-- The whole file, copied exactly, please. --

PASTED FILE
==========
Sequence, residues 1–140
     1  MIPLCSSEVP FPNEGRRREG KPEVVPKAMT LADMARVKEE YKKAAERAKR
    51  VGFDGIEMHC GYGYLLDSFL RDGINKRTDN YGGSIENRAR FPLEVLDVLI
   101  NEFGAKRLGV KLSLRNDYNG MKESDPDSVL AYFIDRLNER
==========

Sequence, residues 1–140
     1  MIPLCSSEVP FPNEGRRREG KPEVVPKAMT LADMARVKEE YKKAAERAKR
    51  VGFDGIEMHC GYGYLLDSFL RDGINKRTDN YGGSIENRAR FPLEVLDVLI
   101  NEFGAKRLGV KLSLRNDYNG MKESDPDSVL AYFIDRLNER